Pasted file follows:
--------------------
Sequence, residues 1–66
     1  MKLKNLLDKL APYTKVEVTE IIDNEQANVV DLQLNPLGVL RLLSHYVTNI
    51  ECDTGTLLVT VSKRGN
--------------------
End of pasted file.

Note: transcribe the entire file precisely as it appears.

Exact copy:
Sequence, residues 1–66
     1  MKLKNLLDKL APYTKVEVTE IIDNEQANVV DLQLNPLGVL RLLSHYVTNI
    51  ECDTGTLLVT VSKRGN